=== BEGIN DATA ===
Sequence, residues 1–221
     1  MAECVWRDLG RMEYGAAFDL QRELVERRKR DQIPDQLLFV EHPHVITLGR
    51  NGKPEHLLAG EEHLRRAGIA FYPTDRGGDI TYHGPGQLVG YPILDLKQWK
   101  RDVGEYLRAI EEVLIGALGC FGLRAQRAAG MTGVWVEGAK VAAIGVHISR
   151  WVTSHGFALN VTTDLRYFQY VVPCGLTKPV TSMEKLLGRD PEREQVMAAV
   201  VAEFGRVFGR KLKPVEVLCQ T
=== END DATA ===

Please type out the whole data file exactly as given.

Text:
Sequence, residues 1–221
     1  MAECVWRDLG RMEYGAAFDL QRELVERRKR DQIPDQLLFV EHPHVITLGR
    51  NGKPEHLLAG EEHLRRAGIA FYPTDRGGDI TYHGPGQLVG YPILDLKQWK
   101  RDVGEYLRAI EEVLIGALGC FGLRAQRAAG MTGVWVEGAK VAAIGVHISR
   151  WVTSHGFALN VTTDLRYFQY VVPCGLTKPV TSMEKLLGRD PEREQVMAAV
   201  VAEFGRVFGR KLKPVEVLCQ T